In Arcadia‘s (Chris Garth of Rochester, Kent post-metal/sludge/post-rock act Upcdownc) superb 2020 album Phon was an opportunity for Garth to properly exercise his John Carpenter musical inclinations. With new release Hauntology to quote Chris himself it is ‘basically a follow on from a lot of the ideas I was pursuing on my last release Phon, albeit with the addition of other elements like effected guitars and vocal’. Since the aforementioned Phon full-length, an additional Phon – Part 4 surfaced last year which I also recommend everyone check out.
The artwork for those releases was done by Yasmin El Amery and so captivated me that I enquired to Chris as to whether I could have some printable copies to put on my walls, it was therefore with some delight that I noted the artwork this time round has also been produced by Yasmin. The cover of Hauntology looks warm and fuzzy with a family (?) huddled round a fire looking at a shooting star, and considering my mental health woes of recent times, this doesn’t look like a bad setting (despite camping not being high up on my bucket list). A Wikipedia explanation of the album’s title refers to ‘a genre or loose category of music that evokes cultural memory and the aesthetics of the past’. This is exemplified by the Ghost Box label as well as acts such as The Caretaker, Burial and Philip Jeck.
Web Weaver starts where Phon left off, shimmering synths and spacey atmospherics that I could easily envisage accompanying Jeff Nichols’ Midnight Special, the TV show Stranger Things, or any number of films/shows that attempt to pay homage to the spirit and aesthetic of 80s sci-fi. Needless to say, I loved it. Aurora feels like the pioneering work of Jean Michel Jarre, in particular the epic Oxygène, and whereas I sometimes find effected electronic vocal treatments off putting (such as the ham-fisted embarrassment that is Cher’s Believe or the disappointing The Brazilian Gentleman’s L & L that I reviewed for The Shaman), here it blends into the music effortlessly.
It’s living, breathing proof that electronic/ambient music doesn’t have to be cold and detached to be appreciated…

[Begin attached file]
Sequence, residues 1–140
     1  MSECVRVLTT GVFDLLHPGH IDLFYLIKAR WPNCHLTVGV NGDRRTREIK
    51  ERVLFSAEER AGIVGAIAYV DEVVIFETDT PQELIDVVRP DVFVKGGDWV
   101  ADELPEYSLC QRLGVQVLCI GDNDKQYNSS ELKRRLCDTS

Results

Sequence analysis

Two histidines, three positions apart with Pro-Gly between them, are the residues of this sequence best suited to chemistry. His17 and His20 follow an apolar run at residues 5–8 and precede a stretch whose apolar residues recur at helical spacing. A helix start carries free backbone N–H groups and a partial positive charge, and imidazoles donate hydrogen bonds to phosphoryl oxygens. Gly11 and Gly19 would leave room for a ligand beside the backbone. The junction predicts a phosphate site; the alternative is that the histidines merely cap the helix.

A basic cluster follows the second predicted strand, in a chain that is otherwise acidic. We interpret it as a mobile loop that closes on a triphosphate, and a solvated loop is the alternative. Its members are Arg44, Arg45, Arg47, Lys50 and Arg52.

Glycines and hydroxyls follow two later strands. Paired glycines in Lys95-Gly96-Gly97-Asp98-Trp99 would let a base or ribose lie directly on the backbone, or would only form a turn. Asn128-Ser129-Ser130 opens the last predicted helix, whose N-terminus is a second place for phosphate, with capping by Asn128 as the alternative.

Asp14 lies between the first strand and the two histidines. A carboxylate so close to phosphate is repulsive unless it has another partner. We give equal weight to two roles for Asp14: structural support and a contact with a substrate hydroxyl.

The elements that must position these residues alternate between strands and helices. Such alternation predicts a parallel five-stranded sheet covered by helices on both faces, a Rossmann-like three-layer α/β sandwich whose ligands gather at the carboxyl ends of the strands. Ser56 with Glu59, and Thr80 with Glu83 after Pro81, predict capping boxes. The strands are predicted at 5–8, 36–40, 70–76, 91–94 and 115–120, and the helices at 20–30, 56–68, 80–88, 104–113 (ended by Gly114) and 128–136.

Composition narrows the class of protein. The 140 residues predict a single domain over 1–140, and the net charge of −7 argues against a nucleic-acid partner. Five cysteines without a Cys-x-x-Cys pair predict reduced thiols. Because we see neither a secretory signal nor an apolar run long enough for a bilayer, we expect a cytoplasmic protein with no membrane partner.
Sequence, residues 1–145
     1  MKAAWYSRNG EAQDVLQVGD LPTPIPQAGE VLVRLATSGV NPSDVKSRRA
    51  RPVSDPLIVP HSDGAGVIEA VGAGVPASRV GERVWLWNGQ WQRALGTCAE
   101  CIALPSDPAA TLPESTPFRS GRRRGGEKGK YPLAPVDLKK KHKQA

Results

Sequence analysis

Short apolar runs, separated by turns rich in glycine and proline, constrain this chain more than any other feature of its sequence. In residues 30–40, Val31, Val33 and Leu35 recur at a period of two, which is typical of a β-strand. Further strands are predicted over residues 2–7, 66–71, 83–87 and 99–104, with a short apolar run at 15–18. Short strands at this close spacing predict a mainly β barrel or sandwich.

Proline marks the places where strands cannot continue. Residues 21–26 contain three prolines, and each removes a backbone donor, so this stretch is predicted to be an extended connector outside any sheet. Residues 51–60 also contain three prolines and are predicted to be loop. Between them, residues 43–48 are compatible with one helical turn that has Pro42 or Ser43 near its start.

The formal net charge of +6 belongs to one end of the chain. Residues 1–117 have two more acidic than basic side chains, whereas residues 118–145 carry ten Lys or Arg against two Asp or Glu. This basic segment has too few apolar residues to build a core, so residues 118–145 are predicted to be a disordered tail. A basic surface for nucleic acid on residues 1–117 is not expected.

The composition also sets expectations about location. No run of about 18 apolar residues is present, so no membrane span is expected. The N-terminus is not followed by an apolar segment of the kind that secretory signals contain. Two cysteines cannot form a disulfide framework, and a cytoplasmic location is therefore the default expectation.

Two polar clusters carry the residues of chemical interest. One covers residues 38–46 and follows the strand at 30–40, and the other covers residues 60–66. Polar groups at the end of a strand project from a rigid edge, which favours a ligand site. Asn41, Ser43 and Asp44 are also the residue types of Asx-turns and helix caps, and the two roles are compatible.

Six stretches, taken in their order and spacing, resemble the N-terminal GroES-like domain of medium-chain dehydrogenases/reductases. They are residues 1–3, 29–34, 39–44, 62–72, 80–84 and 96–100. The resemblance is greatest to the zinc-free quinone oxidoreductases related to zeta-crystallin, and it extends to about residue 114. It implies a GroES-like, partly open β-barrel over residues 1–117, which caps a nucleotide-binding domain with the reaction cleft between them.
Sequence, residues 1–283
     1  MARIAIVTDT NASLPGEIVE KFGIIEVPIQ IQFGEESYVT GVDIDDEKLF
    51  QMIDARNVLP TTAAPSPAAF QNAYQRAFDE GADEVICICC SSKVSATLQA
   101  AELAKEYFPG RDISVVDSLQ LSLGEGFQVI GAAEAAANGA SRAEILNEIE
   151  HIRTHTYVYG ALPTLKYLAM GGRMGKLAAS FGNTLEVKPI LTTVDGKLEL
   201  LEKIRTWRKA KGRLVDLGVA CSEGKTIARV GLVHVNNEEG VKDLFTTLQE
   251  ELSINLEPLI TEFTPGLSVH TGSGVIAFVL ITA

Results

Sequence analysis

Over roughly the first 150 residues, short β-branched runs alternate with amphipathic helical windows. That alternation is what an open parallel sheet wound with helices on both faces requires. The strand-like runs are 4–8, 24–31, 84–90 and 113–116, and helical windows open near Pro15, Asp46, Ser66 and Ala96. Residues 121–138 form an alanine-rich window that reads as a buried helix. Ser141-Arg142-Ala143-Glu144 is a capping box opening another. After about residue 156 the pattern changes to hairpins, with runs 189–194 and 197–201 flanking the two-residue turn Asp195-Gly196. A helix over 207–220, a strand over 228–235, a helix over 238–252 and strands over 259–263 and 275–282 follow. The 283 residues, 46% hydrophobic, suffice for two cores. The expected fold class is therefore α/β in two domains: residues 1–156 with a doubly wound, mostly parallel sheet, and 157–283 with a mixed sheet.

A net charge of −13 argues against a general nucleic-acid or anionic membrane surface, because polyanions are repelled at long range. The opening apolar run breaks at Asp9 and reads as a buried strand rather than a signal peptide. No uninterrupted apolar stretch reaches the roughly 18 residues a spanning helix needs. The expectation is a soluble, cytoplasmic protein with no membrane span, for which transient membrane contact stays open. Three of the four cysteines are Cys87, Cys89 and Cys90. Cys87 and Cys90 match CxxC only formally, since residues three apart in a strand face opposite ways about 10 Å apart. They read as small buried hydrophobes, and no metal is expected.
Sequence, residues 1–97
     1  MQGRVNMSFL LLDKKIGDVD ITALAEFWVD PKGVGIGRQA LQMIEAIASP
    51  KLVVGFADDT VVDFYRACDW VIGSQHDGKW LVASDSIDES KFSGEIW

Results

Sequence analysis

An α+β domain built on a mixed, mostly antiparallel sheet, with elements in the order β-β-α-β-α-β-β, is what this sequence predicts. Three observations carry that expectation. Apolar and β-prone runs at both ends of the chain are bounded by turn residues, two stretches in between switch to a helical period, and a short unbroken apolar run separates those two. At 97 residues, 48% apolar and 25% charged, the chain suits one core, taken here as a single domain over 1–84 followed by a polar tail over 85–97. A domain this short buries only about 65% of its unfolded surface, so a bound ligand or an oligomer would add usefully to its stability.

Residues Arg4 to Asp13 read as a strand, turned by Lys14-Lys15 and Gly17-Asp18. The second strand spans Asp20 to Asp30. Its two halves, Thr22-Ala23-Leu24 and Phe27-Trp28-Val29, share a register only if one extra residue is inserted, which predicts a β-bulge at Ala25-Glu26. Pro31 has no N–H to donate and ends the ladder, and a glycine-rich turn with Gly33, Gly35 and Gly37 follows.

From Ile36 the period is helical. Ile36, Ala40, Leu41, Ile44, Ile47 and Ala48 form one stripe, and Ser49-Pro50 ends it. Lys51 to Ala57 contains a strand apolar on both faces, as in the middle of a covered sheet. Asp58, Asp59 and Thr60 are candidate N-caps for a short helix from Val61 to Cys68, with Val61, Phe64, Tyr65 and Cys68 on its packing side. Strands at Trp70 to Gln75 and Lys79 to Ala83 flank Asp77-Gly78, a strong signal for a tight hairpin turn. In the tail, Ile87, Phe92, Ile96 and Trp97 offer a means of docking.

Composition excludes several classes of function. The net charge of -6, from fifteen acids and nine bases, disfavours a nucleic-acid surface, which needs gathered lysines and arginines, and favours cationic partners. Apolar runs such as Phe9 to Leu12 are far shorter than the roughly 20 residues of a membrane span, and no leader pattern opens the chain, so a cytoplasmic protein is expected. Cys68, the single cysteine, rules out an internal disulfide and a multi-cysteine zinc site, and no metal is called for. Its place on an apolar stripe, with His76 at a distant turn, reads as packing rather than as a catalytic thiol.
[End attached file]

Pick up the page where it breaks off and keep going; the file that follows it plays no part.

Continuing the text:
Chris mentions listening to Wish You Were Here by Pink Floyd and latter day Flaming Lips in the promo notes and these more guitar-driven influences are certainly present in the graceful Passer By. This makes for a slight change in sound which, unlike David Gilmour’s frankly tedious solo output, never outstays its welcome or gets lost in endless virtuoso noodling. There are also shades of Kevin Shields (My Bloody Valentine) work on the Lost In Translation soundtrack, affording it a shoegaze quality that will delight fans of that genre no end (myself included).
DiYoA is the shortest number on the album at just over two and a half minutes, and also the strangest with a mash of weird and wonderful sounds that serve as the perfect segue way to the concluding track Reverberance. There is an organic, naturalistic feel that perfectly juxtaposes the album art. Being an old sentimentalist I would say there is a distinctly romantic sensation present that truly tugs on the heartstrings. Remember the San Junipero episode from Black Mirror? This would have been the perfect tune with which to fade it out, especially as it lacks the overwrought hipster pretensions which came with that particular instalment.
It’s never easy following up a great record, but Hauntology does an outstanding job by experimenting with new styles while maintaining the core of what made me fall in love with the project in the first place. It’s living, breathing proof that electronic/ambient music doesn’t have to be cold and detached to be appreciated.
Scribed by: Reza Mills